Houston school board candidates make their case

Five candidates urge school board to choose them to fill empty spot

jmink@macon.comMarch 11, 2013 

The Houston County Board of Education made a step Monday toward filling its empty seat when board members questioned the five candidates vying to be the newest board member.

The candidates made public comments during the school board work session and were interviewed by board members in an executive session.

Candidates talked about their connections to the educational system and to the community when making their case to represent Post 1, which includes Thomson Middle and Northside High schools. The position recently was vacated when former Chairman Tom Walmer resigned. Board members will vote Tuesday on Walmer’s replacement.

“The shoes that I’m filling, I hate that he had to leave,” said Andrea Jordan, a board candidate. “But I’m glad for the opportunity it presented to me and the other candidates.”

Jordan, a part-time instructor at Georgia Military College and former Northside Middle School principal, mentioned her experience with the school district, which spans decades. Jordan helped open Northside Junior High School in 1970, she said.

Jordan wants to represent the taxpayers and continue the board’s efforts to be open with the public, she said. But she mainly wants to be a board member because “I love kids,” she said. “I would like to be a part of contributing to their success. I realize that their being successful certainly would ensure a greater future for all of us.”

Richard Unruh also highlighted his connections to the local educational community. A retired media specialist for Houston schools and current worship pastor at Trinity Church of the Nazarene in Macon, Unruh said he is a big supporter for new technology in schools.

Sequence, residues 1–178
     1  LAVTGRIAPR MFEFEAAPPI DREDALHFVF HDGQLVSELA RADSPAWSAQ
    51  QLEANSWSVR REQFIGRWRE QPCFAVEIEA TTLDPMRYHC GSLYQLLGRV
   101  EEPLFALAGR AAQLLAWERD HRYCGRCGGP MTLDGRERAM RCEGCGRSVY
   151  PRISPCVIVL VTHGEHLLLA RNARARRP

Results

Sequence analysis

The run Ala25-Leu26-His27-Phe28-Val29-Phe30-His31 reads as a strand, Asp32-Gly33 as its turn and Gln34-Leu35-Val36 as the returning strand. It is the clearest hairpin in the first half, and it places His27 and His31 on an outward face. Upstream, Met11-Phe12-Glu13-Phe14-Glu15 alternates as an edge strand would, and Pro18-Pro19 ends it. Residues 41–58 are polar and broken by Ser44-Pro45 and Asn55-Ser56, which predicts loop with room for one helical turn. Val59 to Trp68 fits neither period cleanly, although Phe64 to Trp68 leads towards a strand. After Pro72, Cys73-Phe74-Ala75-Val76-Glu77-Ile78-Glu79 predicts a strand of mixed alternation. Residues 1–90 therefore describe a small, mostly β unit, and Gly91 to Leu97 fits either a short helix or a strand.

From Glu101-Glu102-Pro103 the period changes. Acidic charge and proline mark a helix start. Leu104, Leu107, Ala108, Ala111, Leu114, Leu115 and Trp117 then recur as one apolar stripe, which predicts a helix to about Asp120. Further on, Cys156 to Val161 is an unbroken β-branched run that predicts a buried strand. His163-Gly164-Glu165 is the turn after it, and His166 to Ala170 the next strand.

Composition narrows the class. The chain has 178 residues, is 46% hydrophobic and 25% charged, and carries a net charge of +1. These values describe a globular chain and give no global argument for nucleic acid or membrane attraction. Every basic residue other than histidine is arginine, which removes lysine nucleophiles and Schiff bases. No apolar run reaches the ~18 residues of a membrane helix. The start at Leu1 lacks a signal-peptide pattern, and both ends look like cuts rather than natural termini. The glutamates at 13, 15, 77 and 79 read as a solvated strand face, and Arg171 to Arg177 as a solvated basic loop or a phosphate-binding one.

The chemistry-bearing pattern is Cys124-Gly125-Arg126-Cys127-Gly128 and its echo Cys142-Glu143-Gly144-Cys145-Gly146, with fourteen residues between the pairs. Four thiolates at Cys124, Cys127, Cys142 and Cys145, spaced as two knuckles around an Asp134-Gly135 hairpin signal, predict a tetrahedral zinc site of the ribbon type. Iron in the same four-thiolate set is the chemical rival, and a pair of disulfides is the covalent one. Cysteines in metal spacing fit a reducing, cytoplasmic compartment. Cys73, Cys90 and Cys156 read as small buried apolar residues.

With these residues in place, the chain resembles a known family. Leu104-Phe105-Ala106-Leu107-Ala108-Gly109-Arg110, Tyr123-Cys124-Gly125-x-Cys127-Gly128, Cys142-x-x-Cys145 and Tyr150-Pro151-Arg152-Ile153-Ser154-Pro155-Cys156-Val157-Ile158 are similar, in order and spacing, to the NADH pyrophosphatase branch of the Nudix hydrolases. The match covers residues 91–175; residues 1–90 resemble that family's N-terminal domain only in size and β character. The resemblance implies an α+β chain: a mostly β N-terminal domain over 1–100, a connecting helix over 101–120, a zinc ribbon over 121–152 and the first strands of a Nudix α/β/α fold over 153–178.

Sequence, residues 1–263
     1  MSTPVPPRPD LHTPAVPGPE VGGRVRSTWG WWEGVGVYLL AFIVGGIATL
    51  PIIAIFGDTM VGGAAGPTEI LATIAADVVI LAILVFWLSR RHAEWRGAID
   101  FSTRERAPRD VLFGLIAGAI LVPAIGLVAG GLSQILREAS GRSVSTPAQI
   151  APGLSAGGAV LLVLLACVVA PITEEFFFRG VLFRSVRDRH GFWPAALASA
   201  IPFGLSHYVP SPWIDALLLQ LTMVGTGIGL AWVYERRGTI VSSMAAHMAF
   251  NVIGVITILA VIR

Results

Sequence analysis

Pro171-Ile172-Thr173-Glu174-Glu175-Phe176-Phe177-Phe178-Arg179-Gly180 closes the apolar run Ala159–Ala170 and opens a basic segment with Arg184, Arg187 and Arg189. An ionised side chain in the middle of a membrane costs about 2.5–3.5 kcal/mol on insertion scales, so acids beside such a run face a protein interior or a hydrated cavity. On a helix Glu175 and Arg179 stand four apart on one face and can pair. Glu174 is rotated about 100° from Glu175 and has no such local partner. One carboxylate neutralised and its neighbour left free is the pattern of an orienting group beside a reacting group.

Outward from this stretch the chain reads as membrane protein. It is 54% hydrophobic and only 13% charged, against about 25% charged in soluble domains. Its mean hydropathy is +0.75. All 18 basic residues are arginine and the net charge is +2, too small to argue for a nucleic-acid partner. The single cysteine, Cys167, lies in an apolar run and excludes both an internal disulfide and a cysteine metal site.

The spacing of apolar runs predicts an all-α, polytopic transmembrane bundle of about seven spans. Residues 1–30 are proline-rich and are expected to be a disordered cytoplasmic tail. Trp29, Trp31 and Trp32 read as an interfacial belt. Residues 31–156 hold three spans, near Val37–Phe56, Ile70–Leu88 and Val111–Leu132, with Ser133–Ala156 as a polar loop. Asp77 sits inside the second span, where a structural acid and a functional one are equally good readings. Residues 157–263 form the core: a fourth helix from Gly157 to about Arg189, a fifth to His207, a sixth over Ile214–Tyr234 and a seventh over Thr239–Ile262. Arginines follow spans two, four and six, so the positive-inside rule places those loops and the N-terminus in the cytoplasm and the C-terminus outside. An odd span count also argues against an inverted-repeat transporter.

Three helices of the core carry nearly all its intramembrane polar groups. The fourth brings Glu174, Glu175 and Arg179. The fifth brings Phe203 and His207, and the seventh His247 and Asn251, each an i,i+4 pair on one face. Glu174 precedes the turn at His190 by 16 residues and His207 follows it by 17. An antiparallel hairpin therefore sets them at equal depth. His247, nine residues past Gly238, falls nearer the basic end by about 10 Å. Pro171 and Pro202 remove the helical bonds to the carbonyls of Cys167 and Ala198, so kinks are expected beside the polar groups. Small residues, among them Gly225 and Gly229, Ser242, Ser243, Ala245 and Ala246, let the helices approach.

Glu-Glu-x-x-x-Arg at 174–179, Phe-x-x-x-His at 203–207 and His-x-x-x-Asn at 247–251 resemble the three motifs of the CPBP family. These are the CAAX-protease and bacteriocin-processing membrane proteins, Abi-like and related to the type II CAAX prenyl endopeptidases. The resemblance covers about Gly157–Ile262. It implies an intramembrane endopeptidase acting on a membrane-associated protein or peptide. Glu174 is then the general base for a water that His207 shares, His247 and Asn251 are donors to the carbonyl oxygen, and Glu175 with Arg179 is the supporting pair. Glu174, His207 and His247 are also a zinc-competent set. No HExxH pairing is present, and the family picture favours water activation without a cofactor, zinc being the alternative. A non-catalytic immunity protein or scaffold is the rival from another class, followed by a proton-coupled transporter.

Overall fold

“I would like to continue to contribute to the educational community,” he said.

As a parent of a Thomson Middle School student, Kynette Cheatham urged the board to select her as the next board member because of her current involvement with the school system. Cheatham is a software analyst for CSI Consulting Services in Warner Robins and former administrative assistant for the Houston County Board of Education, but she also is chairwoman of Thomson Middle’s school council.

“I really feel like I have valid input being that I’m still engaged in the school and know what’s going on day to day,” she said.

Edward Dyson talked about his experience in the school system, which goes back to 1964. As former Northside High School principal and former executive director of secondary operations for the district, Dyson said he can bring a wealth of knowledge and experience to the board. He also mentioned his support of school safety.

“I love Houston County,” he said. “I believe in what you do, and I believe I can be an asset to you.”

Jon Nichols also talked about his love of the community. A Houston County native, Nichols first realized his desire to serve the community in the fifth grade, he said. Decades later, he is now a Centerville city councilman and operations manager for Legacy Hospitality Management and account manager for VNS Corporation, both in Houston County.

“When Tom stepped down from his position, I looked at it as an opportunity to serve the county that I love so much,” he said. “This is my home. Forty-eight years ago I was born here ... and you’ll bury me by the Baptist church in Centerville.”

New elementary school name to be chosen

Board members also were asked to soon choose a name for the new elementary school, which is being constructed on Langston Road in Perry. Board Member Fred Wilson suggested Langston Road Elementary School, which board members will vote on Tuesday.

To contact writer Jenna Mink, call 256-9751.

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